Monday, December 2, 2013

Do You Always use the Yarn Specified in a Pattern?

Yarn: https://www.etsy.com/shop/emilyparson          Pattern:  http://www.ravelry.com/patterns/library/the-louise-laxton-shawlette

Do you prefer patterns to specify specific yarns or just a yarn weight?

I've been getting conflicting advice on this. I think it's because everyone has different paradigms in mind when they answer the question.  Some of my advisers tell me that the exact yarn must be specified and available.

Yarn distributors know patterns sell yarn so they think patterns should be written for the yarn.

Yarn store owners want patterns that sell yarn in standard weight DK, worsted etc. so they can move stock.

Yarn companies want patterns that sell their yarn. They often develop patterns specifically planned to make substitution difficult. They may develop yarn with non standard gauges or combine two yarns in a design to make unique projects.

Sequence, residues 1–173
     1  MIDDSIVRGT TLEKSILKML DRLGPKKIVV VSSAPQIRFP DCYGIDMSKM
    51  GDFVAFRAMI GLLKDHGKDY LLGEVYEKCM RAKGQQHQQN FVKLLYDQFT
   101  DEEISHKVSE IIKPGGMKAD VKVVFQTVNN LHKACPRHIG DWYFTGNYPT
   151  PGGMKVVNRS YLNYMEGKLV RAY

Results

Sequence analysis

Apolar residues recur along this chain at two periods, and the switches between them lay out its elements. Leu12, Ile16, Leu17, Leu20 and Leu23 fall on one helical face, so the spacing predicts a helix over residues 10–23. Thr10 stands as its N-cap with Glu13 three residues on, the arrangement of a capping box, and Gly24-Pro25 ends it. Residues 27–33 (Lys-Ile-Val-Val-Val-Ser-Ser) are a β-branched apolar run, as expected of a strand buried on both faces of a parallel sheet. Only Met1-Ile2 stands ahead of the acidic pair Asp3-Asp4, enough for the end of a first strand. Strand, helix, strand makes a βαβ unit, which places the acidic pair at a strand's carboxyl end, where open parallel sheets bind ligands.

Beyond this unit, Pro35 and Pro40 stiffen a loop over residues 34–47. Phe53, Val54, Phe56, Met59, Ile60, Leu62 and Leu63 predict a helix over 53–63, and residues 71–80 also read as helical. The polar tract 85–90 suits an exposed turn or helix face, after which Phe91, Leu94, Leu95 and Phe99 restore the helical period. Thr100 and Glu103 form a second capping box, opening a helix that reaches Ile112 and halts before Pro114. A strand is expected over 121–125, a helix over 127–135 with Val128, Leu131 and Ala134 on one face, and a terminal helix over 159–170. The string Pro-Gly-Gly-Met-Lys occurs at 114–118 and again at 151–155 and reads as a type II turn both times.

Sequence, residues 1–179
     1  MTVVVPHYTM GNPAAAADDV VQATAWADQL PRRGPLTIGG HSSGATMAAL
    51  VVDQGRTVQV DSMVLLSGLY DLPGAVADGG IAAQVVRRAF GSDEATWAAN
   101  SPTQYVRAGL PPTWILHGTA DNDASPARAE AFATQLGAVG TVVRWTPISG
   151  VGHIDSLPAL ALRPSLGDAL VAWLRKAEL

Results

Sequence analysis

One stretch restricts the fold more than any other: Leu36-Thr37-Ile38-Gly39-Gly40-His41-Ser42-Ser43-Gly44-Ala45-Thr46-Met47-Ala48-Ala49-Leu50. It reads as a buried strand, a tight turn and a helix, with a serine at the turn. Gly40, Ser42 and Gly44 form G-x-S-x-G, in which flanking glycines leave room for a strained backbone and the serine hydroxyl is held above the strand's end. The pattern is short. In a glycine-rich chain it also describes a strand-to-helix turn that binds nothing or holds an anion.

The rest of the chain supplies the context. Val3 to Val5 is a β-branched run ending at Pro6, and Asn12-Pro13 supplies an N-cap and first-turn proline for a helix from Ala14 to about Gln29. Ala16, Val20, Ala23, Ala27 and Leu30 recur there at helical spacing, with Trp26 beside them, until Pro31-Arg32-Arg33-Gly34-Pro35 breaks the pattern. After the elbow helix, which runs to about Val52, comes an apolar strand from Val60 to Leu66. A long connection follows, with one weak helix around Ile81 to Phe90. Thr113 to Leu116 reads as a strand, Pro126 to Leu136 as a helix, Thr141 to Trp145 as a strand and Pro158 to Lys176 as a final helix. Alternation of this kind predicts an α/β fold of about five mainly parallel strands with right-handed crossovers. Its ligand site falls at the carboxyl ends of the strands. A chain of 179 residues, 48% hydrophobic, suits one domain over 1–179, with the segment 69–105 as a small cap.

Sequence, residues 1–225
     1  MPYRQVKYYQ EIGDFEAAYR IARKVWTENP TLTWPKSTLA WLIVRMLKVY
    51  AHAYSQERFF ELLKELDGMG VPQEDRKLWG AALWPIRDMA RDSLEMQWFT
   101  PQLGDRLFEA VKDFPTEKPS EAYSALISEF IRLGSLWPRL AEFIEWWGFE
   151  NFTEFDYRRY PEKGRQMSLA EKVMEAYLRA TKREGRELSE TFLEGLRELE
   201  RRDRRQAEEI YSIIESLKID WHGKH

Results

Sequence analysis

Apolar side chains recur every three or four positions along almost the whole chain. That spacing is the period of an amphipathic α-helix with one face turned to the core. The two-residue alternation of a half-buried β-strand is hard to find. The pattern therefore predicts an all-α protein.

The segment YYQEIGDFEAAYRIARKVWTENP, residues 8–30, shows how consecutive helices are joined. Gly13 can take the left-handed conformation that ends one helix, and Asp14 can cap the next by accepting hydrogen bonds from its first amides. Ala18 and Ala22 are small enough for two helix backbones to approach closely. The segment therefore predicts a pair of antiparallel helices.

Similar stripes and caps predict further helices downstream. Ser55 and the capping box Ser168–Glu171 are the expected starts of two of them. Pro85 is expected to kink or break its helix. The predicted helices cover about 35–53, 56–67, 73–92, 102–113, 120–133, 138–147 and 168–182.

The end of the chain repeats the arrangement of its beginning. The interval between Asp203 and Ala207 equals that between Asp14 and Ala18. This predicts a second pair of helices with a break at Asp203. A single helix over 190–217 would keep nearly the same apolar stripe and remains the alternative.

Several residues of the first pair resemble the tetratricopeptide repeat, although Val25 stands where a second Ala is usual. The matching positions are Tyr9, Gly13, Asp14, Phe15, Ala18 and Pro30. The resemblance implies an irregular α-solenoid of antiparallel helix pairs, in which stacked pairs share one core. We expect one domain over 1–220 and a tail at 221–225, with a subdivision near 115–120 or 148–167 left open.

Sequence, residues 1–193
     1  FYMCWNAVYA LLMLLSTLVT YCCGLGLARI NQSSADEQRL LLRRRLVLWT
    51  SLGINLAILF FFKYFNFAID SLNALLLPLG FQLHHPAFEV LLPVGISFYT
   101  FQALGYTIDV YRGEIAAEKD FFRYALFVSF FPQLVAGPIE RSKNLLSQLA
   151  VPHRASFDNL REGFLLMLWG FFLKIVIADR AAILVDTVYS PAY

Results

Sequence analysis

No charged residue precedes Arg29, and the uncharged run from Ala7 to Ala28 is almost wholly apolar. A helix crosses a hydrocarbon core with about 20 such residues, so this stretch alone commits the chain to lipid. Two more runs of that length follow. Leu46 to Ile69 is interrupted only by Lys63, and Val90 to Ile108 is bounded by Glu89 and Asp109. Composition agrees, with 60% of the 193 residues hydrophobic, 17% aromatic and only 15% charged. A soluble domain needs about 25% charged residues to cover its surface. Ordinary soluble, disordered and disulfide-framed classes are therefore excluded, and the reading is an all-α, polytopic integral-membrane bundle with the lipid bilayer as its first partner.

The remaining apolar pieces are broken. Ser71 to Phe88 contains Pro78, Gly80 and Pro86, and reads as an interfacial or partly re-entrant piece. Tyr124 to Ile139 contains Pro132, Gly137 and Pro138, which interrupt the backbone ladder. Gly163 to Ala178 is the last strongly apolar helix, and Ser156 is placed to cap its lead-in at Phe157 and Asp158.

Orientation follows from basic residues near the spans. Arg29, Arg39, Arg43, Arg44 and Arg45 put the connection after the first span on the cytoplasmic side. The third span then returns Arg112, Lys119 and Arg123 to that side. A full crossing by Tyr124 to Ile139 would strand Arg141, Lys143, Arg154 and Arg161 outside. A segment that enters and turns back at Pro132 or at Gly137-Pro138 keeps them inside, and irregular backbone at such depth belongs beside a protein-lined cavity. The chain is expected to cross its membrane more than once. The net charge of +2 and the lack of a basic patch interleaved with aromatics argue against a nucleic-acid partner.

Indie dyers use standard weights of yarn as their base because they can't afford to do a lot of pattern support. They want patterns written for standard weights. They often use free patterns and have a project knit in their yarn as a promotional sample. 

http://www.ravelry.com/patterns/library/the-prudence-crowley-vest

My best selling pattern (in the photo above) was done in a yarn that was discontinued the same week that I published the pattern. Since I've been designing that has happened to me several times. The last time it occurred, the yarn company discontinued the yarn three weeks after providing it to my client. The result for my business has been I am focusing on standard weight yarns because I want to sell patterns.

I choose the yarn for the photo above because of it's absolutely amazing colour. The irony is... the depth of colour is not truly reflected on a computer screen. I want to sell patterns so it's a standard weight, 4 ply fingering.

Yes, I do spend far too much time thinking about this kind of thing don't I?

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